An important caveat!  To create an FPGA using Simulink and the Xilinx System Generator, the version of MatLab (and Simulink) must be compatible with the version of Xilinx System Generator.  If you do not already have the tools and are considering their purchase, verify first their compatibility!
If you already have a copy of Xilinx System Generator, you can check which Matlab versions it is compatible with here.  If you have a version of Matlab and it is not compatible with your version of Xilinx System Generator, you might be able to download a compatible Matlab version, as long as it is an earlier Matlab version.  From Matlab Answers:
Visit http://www.mathworks.com/mwaccount and click on your license. Then over on the right hand side of the page that comes up, click on Download. That will bring up another page; on the right hand side of that, you will see "Download Earlier Release". Scroll down and pick out [an earlier matlab version] from there.
For those who do not have the these tools (and do not contemplate their purchase) but have the interest, skill, and time to implement an FPGA radio, they could use one of the inexpensive (if not free) HDL compilers and try to recreate the design in HDL from the Simulink model that I will present in this series of posts.

And so I will try to include as much detail of the FPGA design as possible, so that those who might want to recreate Dick's design in HDL will have a running start at doing that.  (Note: some Xilinx blocks, such as CIC and DDS blocks, contain Xilinx Intellectual Property, and, apart from a definition of high-level parameters, cannot be delved into).


Now let's discuss some features of a typical Xilinx Simulink Model, so that you might better understand what you will see later...

Notes on Xilinx Simulink Models:

Let's take a look at an example of one of the Simulink Subsystem blocks in the FPGA Simulink Model to get an idea of Xilinx/Simulink design nomenclature.

Here is the Clock Divider subsystem, which divides down the 80 MHz FPGA clock to 20, 10, and 5 MHz (for external applications, such as locking the radio-core's 80 MHz oscillator to an external time-base, as Dick has done).

(Click on image to enlarge)

In this image please note:
  • The blocks with a light-blue fill and a stylized "X" white shadow within them are Xilinx blocks available only through the Xilinx Blockset provided via their System Generator.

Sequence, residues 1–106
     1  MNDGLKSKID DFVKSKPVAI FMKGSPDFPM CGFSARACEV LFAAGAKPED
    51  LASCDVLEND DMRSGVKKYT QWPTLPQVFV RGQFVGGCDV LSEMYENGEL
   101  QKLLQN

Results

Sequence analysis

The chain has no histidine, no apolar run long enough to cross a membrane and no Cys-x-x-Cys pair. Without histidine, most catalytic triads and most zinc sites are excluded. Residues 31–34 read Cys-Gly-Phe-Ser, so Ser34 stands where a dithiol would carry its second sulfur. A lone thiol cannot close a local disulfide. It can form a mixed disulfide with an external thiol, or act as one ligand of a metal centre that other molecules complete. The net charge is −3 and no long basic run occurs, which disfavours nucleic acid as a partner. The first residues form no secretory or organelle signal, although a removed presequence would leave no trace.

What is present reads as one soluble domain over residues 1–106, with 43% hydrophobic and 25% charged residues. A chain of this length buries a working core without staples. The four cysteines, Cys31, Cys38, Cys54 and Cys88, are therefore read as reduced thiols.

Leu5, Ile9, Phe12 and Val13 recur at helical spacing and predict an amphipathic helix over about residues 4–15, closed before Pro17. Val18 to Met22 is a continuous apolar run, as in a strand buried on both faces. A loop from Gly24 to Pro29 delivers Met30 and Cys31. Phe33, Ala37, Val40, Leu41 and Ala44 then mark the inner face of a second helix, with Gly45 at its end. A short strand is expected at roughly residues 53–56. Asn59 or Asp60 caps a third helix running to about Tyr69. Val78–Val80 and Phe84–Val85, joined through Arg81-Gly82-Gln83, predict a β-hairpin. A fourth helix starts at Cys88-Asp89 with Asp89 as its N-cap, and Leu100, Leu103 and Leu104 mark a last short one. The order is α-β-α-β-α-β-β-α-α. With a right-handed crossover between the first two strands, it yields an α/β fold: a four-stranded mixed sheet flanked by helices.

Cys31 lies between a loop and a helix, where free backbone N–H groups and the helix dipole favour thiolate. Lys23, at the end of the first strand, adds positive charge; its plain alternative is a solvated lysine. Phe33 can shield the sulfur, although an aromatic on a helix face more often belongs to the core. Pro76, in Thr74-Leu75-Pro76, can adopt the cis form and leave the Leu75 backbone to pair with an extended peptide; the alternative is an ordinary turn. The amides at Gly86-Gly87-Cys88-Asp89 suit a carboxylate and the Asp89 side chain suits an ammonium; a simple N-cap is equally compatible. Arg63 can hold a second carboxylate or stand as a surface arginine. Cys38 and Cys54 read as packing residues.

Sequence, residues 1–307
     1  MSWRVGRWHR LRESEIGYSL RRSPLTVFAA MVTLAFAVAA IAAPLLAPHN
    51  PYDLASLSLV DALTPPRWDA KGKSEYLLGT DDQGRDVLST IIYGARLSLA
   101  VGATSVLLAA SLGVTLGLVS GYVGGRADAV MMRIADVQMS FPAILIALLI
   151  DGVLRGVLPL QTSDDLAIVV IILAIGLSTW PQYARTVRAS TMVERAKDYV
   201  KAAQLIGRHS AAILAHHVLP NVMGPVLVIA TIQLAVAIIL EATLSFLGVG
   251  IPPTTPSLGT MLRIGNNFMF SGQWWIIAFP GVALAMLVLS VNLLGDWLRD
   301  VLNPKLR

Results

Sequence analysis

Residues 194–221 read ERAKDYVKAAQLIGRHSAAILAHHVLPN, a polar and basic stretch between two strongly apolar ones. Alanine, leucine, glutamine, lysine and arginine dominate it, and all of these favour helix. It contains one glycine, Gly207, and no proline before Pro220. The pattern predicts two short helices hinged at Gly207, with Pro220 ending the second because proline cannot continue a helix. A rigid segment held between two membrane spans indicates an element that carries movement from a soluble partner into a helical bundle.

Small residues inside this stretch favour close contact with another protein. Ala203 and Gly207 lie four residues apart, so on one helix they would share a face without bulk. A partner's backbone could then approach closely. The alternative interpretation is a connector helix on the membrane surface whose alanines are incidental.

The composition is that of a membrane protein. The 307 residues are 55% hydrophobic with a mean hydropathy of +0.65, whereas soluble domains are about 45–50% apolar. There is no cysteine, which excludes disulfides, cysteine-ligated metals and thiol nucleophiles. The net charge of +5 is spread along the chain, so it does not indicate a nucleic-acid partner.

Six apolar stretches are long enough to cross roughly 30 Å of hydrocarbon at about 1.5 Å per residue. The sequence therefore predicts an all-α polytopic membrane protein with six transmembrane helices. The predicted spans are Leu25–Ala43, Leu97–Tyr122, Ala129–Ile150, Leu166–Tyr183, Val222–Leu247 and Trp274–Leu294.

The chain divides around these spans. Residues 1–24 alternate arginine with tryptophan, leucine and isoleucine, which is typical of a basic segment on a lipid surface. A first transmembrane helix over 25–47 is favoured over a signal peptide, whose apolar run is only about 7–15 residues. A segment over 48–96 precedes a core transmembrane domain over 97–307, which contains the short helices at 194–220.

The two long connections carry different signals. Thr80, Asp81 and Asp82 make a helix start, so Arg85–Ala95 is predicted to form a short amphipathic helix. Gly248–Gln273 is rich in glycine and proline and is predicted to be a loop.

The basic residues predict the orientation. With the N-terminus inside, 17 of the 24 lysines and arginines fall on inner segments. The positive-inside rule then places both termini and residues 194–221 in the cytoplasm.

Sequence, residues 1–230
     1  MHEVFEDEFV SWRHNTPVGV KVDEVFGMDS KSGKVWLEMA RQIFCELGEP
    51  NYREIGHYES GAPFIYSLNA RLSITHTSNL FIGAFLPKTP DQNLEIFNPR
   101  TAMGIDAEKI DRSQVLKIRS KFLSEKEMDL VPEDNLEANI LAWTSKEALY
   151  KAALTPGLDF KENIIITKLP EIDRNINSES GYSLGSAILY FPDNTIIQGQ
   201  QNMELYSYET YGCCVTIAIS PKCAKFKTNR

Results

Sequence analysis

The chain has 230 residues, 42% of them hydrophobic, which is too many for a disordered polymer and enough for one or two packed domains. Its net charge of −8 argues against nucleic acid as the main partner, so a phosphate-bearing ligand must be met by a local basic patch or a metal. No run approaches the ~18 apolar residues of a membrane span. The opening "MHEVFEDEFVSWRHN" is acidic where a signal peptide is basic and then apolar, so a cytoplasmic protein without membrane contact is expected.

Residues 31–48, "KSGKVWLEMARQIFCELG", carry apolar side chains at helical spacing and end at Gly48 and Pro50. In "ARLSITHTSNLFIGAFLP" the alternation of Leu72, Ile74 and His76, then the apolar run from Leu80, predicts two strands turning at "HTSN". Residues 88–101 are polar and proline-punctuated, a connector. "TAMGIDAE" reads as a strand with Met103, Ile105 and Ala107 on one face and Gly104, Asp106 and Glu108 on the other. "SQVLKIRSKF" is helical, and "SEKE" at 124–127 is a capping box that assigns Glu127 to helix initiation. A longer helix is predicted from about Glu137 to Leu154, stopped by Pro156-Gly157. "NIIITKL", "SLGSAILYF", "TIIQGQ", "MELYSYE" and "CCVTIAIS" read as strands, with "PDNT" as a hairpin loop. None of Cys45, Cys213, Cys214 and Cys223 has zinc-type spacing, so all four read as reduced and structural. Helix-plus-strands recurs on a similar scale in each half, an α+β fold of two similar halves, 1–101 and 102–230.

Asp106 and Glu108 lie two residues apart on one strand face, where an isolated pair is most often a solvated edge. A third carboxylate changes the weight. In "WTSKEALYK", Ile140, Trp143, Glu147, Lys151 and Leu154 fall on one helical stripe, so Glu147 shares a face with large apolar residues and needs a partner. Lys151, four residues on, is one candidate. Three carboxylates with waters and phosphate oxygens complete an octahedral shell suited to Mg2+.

• The output definition of the counter, UFix_4_0, means that this data is 4 bits wide, that these four bits represent an unsigned number (the U suffix), that this number is fixed-point (the Fix), and that the fixed-point number's Decimal Point is at bit 0. Thus, this example represents values between 0 and 15. 
  • In other instances, such as those blocks dealing with actual RF or audio signals, data will be passed as signed two's complement numbers.  For example, you might see a data format of Fix_16_15.  Note the absence of a U suffix -- the data is therefore signed two's complement.  And 16_15 means that the data word is 16 bits wide, and that it has a Decimal Point at bit 15.  So, in this case, values would range between +0.999...(i.e. the highest possible positive value, as represented by 0x7FFF) and -1.0.  (In other words, the 65,536 values represented by the 16 bit word would range, essentially, between +1.0 and -1.0.)
  • The "z-1" label in some blocks means that there is a register delay within this block (1 clock delay for z-1, but this delay could be longer, e.g. z-25 would represent a 25 clock delay within a block).
  • The "++" label within the counter means that it is an UP counter.  
If you could click on the counter block in the image above, you would see its parameter window:

(Click on image to enlarge)

Note that the last entry shows the counter's Sample Period as "1/Fs".  Fs is the frequency of the FPGA's system clock, which is 80 MHz in this application.

Another useful block, found in the subsystem above, is the "Slice" block.  The Slice block allows one to take a "slice" of data from a multi-bit wide data word.  For example, in the Clock Divider, I want to use three of the counter's output bits to create 20, 10, and 5 MHz clocks.  I do this by taking three 1-bit wide slices, each slice being a different bit of the counter's output.

If I click on the "Slice1" block, I will see the window below, which describes this slice as 1 bit wide and the MSB of the counter's 4-bit output (i.e. the 1-bit slice has a "0" offset from the top-bit of the value being sliced):

(Click on image to enlarge)

Per the image above, slices can also be referenced from the LSB bit location, and they can be of widths other than 1.